Skip Vezzetti, Rockland’s superintendent of highways, said this winter seem to be falling in line with recent years, when the county has spent $300,000 to $400,000 for salt and other melting supplies.
Clearing roads and walks is going to be a whole lot harder for some towns in New Jersey because all the snow is taking a toll and salt supplies are running low.
Some water companies are warning customers that the tap water might taste a little salty and that those on low-salt diets might want to take note that sodium levels could be elevated.
A fresh shipment of rock salt reached New Jersey just in time for another round of snow Wednesday morning.
The cargo ship is to arrive from Chile on Thursday. The salt is being supplied by International Salt, a primary supplier for the state.
Republican Staten Island councilman Vincent Ignizio said the freeze-thaw cycle, salt and plows have taken their toll. The councilman has also called on the mayor to beef up the DOT budget.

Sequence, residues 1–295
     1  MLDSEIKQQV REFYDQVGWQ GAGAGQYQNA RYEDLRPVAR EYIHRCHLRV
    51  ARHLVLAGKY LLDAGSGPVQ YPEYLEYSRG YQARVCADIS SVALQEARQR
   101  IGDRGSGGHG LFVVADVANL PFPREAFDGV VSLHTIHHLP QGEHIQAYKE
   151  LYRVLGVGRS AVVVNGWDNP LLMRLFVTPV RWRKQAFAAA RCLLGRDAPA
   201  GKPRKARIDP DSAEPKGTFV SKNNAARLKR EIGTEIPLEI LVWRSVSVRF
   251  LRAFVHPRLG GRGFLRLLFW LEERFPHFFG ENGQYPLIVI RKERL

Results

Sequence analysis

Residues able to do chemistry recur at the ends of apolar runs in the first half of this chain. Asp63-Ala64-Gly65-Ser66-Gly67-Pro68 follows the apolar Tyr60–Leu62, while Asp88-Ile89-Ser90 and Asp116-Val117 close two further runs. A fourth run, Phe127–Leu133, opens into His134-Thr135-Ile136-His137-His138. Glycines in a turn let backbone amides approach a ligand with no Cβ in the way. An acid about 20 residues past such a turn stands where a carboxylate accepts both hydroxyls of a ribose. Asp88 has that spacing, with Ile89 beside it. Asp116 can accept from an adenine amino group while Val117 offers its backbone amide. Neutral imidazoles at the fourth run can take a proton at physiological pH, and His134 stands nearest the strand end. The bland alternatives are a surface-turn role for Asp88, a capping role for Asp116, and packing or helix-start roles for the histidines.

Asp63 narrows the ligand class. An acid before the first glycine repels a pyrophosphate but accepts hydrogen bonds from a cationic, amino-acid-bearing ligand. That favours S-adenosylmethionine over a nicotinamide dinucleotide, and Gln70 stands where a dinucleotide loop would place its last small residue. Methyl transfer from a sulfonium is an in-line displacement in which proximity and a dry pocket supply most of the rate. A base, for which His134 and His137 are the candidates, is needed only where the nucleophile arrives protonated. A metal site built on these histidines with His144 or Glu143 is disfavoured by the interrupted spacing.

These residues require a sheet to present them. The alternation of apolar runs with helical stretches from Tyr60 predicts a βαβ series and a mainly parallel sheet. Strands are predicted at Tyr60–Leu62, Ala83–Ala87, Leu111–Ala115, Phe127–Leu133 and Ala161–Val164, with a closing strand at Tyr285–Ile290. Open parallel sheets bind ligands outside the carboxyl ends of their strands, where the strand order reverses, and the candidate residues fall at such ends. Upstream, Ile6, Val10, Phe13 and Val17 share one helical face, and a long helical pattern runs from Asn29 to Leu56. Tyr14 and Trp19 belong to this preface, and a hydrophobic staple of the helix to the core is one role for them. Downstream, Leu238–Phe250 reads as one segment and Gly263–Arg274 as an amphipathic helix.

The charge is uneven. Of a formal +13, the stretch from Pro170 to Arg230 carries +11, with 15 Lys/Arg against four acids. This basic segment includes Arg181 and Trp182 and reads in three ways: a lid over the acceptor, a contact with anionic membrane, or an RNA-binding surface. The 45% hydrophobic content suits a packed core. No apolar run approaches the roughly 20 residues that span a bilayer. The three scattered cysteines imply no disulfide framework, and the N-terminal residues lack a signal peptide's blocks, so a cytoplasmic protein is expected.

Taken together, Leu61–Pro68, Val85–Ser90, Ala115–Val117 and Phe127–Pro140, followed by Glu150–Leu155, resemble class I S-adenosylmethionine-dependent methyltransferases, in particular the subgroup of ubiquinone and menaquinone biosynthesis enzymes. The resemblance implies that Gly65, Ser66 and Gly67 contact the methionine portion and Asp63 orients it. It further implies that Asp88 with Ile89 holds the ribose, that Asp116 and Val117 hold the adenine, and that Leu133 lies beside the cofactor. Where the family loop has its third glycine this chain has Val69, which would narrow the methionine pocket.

New Jersey transportation officials say they’re working to replenish road salt supplies in the wake of several winter storms.
Gov. Malloy said Friday the state DOT has deferred its expected deliveries of salt until all the 88 cities and towns that obtain their salt under the state’s contract receive what they need.
The utility says the problems are due to road salt, melting snow and ice getting into the underground electrical system.
Ice and slush have left roads and sidewalks dangerously slippery, and many Tri-State area municipalities have seen their reserves of salt to correct the problems dangerously depleted.